I would love to have heard what insights Groucho had into both Edgar and the fool, given that he plays the fool in the movies and may have seen himself as having to assume the disguise of the madman. Siegel thinks that Eliot may have appreciated some of what Groucho had to say but that Groucho couldn’t hear it:
In the trial scene in “King Lear,” Edgar/Tom protests the Fool’s own nonsense, saying, “The foul fiend haunts poor Tom in the voice of a nightingale.” Perhaps that was Eliot’s inner cry of protest at dinner, too. But Groucho was so defensive in the presence of the “British poet from St. Louis” that he seems to have missed Eliot’s subtle homage to his intellect. Groucho still could not shake the primal shame that was the goad of his comic art as well as the source of his self-protective egotism.
If I understand Siegel’s point, he is suggesting that Eliot is signaling to Groucho that he is already a genius but that Groucho can only hear a putdown.
I don’t blame the defensive Groucho for having misunderstood, given the messenger. In some ways, Eliot shares something with Margaret Dumont in Night at the Opera, who aspires for the respectability of the opera. To be sure, Eliot genuinely understood high culture. But his longing for upper class British status had to have rubbed Groucho the wrong way.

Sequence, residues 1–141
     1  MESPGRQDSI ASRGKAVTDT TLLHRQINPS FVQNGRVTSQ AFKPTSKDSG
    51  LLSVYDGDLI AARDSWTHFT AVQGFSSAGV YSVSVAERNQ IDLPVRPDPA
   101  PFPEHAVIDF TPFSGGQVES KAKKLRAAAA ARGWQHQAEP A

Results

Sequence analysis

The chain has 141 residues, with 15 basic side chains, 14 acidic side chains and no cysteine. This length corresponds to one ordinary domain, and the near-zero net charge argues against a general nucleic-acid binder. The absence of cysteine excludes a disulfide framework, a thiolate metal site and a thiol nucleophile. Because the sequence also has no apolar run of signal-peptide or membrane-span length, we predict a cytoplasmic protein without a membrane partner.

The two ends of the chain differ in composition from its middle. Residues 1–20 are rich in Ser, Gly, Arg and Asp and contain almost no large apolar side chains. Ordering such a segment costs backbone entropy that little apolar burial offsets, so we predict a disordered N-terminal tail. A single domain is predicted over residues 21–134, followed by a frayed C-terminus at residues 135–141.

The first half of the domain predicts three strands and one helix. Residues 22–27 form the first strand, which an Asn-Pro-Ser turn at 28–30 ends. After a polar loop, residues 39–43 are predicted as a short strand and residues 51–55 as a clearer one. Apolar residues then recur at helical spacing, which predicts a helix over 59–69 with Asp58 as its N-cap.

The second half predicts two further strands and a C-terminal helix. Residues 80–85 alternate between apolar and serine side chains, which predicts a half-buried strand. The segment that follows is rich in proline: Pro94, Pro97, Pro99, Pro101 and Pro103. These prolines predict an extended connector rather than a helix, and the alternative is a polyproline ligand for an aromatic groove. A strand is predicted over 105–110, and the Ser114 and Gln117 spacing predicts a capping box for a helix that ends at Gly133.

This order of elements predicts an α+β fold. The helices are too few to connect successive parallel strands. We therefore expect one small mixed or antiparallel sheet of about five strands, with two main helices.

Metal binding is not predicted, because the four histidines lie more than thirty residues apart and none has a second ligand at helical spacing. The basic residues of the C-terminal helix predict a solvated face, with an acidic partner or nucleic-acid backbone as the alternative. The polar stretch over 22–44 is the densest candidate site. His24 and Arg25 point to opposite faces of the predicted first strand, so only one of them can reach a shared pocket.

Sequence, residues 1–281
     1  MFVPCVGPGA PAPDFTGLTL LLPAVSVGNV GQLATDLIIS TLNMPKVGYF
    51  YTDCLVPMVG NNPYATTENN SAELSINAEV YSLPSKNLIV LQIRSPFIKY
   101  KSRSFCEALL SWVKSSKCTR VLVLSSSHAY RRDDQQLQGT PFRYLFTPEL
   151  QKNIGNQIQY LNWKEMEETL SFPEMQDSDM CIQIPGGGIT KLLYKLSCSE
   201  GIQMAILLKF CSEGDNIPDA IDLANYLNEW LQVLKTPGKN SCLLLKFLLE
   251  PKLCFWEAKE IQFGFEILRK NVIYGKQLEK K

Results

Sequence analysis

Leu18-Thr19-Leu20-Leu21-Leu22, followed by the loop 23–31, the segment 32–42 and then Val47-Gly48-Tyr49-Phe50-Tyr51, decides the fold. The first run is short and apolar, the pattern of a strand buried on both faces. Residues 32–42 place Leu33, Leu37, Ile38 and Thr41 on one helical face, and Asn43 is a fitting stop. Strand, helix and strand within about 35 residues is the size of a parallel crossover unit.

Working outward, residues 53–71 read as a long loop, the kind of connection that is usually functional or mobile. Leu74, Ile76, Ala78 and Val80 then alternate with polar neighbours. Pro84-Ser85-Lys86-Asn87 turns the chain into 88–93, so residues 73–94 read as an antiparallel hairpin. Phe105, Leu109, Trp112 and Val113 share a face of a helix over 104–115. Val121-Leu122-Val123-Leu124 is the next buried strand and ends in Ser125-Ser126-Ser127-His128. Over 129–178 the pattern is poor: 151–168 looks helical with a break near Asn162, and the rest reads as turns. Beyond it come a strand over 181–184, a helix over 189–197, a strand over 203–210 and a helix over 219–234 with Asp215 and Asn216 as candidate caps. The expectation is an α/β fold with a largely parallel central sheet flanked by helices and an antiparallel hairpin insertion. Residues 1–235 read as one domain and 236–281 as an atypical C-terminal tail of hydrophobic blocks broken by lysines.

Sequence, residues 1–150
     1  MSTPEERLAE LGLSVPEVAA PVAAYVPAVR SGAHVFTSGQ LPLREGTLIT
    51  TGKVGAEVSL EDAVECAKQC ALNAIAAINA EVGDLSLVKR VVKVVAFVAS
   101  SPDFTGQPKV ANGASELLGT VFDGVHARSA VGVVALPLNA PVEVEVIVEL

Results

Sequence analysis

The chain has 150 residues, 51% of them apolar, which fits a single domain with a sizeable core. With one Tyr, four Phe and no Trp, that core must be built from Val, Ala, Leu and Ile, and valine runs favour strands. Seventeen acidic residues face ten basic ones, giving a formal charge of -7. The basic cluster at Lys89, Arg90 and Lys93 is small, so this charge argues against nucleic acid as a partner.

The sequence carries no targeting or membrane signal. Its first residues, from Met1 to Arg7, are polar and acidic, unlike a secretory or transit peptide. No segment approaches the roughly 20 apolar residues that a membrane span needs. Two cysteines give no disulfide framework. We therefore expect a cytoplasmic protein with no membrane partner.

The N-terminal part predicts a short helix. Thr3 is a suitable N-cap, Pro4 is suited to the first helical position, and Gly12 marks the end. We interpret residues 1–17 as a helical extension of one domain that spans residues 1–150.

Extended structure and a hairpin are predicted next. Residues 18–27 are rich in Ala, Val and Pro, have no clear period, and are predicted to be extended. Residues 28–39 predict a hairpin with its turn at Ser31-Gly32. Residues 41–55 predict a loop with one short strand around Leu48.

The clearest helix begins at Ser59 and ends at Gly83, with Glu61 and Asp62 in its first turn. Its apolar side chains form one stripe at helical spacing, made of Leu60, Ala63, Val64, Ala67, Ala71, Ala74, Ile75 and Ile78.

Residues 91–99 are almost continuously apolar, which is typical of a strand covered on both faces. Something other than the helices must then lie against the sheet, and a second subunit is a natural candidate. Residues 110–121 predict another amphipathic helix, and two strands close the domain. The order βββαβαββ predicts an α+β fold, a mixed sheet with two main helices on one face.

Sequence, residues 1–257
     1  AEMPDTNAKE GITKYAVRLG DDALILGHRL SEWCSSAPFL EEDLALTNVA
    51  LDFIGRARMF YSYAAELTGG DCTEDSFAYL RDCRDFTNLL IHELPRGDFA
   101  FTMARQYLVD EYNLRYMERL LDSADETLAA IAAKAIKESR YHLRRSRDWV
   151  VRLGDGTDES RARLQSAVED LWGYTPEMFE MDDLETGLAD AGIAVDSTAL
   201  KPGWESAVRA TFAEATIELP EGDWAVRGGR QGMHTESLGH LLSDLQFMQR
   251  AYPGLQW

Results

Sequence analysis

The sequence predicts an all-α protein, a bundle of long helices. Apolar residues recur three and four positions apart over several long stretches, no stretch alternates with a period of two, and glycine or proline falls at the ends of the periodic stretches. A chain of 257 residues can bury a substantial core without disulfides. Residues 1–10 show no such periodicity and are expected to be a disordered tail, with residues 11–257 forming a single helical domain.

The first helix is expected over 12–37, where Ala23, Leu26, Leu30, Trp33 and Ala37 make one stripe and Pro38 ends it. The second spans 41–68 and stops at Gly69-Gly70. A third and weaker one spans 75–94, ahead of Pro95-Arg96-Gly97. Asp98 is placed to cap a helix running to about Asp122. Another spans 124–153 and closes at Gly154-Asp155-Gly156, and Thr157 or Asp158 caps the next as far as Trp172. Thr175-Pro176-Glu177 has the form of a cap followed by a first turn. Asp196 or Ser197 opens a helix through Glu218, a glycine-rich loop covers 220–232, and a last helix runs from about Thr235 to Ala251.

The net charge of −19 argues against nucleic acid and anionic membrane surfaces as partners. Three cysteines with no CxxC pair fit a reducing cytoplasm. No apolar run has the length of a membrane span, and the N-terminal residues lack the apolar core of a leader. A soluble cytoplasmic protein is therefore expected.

As I think about it, both Eliot and Groucho can be seen as reacting to modernism, only in different ways. For Eliot there is a nostalgia for a lost order so that the tone of the Wasteland is both elegiac and despairing. But the stress of upholding the ideals of high civilization was so draining that, for comic relief, he turned to the dark Jewish humor. As the despised Jew, meanwhile, Groucho had no reason to be nostalgic for high Western ideals—Tudor England, for instance, banished all Jews—and so responded to the world falling apart with a cynical humor that dismantled every institution. Duck Soup was too much for many people in 1933 but Eliot got it.